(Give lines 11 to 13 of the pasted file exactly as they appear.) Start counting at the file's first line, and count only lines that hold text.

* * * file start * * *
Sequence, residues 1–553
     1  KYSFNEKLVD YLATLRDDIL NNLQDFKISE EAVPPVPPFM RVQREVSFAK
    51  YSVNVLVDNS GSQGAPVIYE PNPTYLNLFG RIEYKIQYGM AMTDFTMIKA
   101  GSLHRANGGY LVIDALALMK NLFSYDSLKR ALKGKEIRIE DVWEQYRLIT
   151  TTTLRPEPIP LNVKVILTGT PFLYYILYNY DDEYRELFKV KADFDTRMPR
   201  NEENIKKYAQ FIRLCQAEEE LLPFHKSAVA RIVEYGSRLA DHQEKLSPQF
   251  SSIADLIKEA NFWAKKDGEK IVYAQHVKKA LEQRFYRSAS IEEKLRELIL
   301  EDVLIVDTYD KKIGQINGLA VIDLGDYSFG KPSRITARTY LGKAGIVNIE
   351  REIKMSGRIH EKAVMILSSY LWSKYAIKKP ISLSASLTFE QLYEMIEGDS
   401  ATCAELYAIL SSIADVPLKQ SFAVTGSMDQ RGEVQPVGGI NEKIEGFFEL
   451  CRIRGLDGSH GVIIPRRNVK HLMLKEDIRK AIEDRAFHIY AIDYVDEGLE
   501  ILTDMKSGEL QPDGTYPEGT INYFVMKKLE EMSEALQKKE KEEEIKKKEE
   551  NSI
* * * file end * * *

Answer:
   451  CRIRGLDGSH GVIIPRRNVK HLMLKEDIRK AIEDRAFHIY AIDYVDEGLE
   501  ILTDMKSGEL QPDGTYPEGT INYFVMKKLE EMSEALQKKE KEEEIKKKEE
   551  NSI